Here’s today’s health tip: You want less mercury in your kid’s tuna fish sandwich? Then turn off the lights, stop overcharging your laptop and shut down the hot tub. These are the behaviors that not only impact our environment, but our children’s health as well.
A recent study published in the journal Nature Geoscience confirmed that mercury showing up in tuna and swordfish off the coast of Hawaii is coming from coal-fired power plants in China and India. That’s an incredible distance, but that’s how much mercury (along with sulfur, nitrogen and carbon dioxides) is being pumped into the atmosphere on a daily basis, year after year.
In addition, according to the EPA, approximately 75 percent of the mercury emitted by U.S. coal-fired plants makes it’s way into the global atmosphere. So we are contributors to the problem as well. Here’s how:
All coal contains small amounts of mercury in its elemental form. Burning coal at high temperatures transforms mercury into a gas which then rises out the power plant stack and into the atmosphere. The mercury eventually cools, turns back into a solid and settles back down to our land and waters, hitchhiking a ride on dust, rain or snow.
Certain types of bacteria in the soil and water convert the elemental mercury into an organic form called methylmercury. It is this compound that is poisonous and capable of finding it’s way into our marine food chain, bioaccumulating along the way up until it reaches the apex predators like tuna and swordfish. This is why they have such high concentrations of methylmercury in their fatty flesh.
According to the Center for Disease Control, the health effects of methylmercury in humans includes damage to the central nervous and immune systems. The developing brains of fetuses and young children are particularly vulnerable.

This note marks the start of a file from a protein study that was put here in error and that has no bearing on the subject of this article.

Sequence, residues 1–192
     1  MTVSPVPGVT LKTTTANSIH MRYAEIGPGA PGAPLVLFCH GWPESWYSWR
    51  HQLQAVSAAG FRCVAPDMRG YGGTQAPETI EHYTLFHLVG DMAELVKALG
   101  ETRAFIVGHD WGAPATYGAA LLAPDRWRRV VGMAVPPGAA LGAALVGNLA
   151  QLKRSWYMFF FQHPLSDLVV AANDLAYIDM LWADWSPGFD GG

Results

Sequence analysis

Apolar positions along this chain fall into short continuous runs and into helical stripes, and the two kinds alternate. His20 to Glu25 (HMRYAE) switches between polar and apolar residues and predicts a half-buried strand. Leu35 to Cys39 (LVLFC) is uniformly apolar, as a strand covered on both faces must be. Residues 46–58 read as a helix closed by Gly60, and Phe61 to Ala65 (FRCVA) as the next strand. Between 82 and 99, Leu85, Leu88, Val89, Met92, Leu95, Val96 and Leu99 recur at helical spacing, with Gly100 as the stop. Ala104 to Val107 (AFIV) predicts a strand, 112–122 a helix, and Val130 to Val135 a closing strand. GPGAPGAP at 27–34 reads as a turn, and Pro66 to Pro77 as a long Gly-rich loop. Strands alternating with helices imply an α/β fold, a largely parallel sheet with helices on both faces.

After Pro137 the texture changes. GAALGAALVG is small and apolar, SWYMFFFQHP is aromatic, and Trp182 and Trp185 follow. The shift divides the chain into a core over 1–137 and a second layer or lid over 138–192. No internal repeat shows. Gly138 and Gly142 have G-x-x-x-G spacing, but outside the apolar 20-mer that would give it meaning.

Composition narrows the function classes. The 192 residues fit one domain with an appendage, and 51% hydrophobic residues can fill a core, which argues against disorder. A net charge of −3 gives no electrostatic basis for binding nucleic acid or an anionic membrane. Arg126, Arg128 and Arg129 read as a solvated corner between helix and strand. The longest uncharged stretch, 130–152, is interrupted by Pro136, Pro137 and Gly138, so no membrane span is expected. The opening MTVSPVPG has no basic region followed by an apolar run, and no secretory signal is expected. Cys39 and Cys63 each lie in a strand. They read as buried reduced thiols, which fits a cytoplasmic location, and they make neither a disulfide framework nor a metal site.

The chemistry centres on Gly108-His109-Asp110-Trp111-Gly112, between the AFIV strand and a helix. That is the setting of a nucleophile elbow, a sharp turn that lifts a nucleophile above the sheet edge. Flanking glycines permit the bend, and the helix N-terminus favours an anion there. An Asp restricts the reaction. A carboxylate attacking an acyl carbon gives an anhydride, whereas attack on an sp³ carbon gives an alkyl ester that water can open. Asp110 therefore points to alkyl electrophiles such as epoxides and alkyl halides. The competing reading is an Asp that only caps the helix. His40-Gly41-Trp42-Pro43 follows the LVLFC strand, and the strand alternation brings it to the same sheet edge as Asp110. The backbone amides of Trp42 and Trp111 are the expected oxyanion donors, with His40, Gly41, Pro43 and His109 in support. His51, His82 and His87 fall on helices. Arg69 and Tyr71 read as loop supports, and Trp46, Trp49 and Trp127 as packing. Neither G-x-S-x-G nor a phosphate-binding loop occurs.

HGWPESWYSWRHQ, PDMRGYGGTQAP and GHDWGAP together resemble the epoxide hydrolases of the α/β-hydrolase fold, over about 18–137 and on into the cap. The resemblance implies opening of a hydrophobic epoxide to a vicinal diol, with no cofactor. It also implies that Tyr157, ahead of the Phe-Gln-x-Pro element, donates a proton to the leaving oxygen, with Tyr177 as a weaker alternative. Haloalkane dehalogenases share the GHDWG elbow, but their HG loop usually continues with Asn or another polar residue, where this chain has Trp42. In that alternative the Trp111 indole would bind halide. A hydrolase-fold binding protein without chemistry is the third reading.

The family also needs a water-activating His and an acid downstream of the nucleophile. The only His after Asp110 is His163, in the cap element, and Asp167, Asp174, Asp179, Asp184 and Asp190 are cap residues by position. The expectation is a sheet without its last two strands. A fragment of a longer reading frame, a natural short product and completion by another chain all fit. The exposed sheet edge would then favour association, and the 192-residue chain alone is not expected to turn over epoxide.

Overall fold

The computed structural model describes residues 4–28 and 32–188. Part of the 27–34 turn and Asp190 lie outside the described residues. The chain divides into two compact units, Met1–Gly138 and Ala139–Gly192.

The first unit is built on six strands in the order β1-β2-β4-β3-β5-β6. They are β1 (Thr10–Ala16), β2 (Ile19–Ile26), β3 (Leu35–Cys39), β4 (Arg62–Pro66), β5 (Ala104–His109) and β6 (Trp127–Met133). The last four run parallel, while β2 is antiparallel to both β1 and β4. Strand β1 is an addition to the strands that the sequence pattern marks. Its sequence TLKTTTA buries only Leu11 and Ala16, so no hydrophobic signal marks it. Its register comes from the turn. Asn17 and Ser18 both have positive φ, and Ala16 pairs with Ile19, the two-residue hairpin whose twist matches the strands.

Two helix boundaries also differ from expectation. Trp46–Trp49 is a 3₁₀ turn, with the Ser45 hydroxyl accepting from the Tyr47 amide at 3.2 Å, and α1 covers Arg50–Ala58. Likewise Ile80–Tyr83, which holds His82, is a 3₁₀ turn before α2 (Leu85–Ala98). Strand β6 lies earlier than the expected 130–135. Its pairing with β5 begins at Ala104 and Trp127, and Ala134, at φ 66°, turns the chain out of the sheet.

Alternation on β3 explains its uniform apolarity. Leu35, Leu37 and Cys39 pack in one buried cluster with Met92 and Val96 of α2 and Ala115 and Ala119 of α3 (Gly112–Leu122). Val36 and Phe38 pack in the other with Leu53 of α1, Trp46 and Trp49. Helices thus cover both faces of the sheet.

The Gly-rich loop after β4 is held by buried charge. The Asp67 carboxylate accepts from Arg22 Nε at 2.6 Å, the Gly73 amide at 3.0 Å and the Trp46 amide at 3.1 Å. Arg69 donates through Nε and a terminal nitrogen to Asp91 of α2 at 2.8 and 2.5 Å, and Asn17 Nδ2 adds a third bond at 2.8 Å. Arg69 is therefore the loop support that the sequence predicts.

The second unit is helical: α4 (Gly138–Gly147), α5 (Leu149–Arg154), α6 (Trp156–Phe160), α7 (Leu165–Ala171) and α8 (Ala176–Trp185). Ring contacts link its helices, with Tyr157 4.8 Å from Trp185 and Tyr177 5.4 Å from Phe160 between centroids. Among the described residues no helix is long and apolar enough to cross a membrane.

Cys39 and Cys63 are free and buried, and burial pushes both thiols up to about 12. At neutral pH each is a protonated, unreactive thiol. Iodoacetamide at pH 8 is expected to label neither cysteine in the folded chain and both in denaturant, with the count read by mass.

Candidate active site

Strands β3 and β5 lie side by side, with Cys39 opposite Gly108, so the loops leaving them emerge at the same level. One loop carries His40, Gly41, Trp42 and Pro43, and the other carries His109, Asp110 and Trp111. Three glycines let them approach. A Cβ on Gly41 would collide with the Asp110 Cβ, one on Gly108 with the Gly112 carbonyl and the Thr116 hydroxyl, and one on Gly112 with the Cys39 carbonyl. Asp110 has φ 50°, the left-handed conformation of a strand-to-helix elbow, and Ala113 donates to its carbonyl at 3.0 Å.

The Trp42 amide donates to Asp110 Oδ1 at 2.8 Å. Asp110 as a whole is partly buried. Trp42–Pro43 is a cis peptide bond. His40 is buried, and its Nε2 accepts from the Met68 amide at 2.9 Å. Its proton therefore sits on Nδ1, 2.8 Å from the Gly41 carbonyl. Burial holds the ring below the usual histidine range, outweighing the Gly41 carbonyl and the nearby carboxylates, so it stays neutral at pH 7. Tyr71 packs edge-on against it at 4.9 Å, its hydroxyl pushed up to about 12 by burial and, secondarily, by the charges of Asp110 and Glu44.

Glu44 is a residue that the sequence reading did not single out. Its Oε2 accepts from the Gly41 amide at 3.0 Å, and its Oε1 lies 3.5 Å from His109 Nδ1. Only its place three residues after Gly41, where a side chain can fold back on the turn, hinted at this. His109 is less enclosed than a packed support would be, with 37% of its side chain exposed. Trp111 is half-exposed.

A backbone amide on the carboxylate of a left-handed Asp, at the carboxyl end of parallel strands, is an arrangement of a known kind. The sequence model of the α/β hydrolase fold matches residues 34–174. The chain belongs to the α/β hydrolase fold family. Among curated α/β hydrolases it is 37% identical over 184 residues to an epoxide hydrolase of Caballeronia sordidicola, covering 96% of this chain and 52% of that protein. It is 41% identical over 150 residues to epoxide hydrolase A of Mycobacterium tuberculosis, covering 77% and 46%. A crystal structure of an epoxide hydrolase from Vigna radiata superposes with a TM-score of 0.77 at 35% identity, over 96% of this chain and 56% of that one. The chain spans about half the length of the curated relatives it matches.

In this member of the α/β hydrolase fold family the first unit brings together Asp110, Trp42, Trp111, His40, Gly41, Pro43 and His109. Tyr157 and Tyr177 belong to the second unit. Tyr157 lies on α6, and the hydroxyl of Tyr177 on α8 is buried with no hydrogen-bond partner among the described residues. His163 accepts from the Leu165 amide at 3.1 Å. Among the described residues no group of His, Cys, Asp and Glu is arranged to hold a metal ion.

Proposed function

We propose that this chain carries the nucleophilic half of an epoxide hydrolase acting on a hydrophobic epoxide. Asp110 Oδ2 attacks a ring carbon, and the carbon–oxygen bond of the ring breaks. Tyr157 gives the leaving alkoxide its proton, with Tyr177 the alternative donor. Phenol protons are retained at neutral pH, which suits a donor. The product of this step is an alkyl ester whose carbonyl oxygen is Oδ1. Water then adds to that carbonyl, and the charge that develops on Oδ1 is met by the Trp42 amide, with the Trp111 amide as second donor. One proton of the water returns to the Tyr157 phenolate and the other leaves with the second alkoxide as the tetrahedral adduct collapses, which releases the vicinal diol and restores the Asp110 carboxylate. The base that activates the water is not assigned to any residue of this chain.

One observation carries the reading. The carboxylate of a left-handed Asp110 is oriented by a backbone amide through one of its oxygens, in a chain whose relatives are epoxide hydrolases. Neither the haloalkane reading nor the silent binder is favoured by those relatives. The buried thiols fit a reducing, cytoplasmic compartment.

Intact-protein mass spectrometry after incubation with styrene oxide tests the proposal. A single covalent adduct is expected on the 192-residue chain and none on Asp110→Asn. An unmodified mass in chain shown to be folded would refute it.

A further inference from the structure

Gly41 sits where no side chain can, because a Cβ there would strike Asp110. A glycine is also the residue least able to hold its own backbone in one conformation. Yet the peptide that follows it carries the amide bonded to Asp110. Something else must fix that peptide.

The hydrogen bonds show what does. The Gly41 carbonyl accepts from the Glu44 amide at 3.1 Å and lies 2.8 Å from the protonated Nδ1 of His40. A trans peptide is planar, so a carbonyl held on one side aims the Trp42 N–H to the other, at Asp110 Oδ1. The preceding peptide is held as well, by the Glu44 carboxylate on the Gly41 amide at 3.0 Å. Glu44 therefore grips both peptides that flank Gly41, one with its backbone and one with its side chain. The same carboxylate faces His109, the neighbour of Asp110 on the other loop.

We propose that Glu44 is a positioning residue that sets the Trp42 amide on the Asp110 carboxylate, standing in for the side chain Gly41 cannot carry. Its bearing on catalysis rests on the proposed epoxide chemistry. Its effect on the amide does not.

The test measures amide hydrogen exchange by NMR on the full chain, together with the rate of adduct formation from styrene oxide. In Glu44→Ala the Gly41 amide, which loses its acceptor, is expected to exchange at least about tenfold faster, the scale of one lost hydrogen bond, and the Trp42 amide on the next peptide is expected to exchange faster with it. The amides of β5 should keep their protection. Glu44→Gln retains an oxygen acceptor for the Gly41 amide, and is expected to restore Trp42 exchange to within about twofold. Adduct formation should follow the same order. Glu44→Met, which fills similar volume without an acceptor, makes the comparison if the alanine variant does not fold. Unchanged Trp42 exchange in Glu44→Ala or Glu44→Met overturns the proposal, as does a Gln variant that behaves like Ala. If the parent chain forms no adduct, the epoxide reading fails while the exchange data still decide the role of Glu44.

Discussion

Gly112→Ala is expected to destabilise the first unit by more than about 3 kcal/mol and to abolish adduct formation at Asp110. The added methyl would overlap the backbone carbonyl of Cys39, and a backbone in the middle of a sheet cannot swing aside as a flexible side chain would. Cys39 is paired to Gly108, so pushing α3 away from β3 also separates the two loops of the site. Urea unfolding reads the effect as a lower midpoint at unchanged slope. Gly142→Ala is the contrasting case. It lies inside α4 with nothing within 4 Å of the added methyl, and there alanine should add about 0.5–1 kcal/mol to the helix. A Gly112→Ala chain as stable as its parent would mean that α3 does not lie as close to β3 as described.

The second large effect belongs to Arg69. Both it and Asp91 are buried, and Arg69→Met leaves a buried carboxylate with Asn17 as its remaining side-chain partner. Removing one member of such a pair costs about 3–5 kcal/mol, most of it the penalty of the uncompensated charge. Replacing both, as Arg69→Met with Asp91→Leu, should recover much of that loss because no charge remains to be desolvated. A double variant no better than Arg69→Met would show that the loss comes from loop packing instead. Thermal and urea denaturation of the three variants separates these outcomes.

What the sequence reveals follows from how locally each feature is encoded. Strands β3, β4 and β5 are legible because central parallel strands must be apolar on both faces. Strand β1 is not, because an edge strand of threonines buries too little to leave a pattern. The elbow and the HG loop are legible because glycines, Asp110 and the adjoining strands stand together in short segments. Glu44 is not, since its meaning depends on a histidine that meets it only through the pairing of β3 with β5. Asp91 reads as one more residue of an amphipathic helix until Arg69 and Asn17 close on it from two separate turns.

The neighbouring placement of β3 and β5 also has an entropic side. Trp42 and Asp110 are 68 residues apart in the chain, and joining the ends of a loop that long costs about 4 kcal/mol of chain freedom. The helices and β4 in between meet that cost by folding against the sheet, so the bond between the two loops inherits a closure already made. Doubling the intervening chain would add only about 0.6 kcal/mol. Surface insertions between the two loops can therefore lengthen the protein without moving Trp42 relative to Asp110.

We can reduce the levels of mercury in fish by changing our behavior. According to Rocky Mountain Power, approximately 80 percent of the electricity that is delivered to your home is produced by coal-fired plants. On average, it takes about one pound of coal to produce one kilowatt-hour of electricity. Reduce your kilowatt hours and you effectively reduce the amount of coal entering the furnace.
For example, I recently turned off my hot tub. I barely used it, but there it was — the pump and heater running near constantly to keep the water at 100 degrees. So I turned it off and what happened? My electricity bill dropped nearly 30 percent on a year-over-year basis! And that was during the month of July!
True, one person can’t shut down a coal plant, but if we change our behaviors on a collective basis we can make a difference. My 10 pounds of coal becomes a family’s 100 pounds of coal which turns into a community’s tons of coal spared from the furnace each month.
When someone says "why bother" using less electricity, my actions won’t make a difference, tell them that one person couldn’t pollute the earth either, but collectively, over the past century, we have (and with a lot fewer people!). There are seven billion of us, and counting, now. And we can either collectively continue to foul the atmosphere, the biosphere and ourselves, or we can collectively decide that enough is enough and play a role in the environment’s restoration and repair. One kilowatt-hour at a time.
We owe that decision to our tuna-loving-children and their future.
Christopher Cherniak, P.E. is an environmental engineer, consultant and co-host of "This Green Earth", a weekly talk show on environmental issues on KPCW.
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Judy Horwitz writes in a guest editorial that Summit County voters must continue to support a vital source of funding for the area’s arts and culture institutions.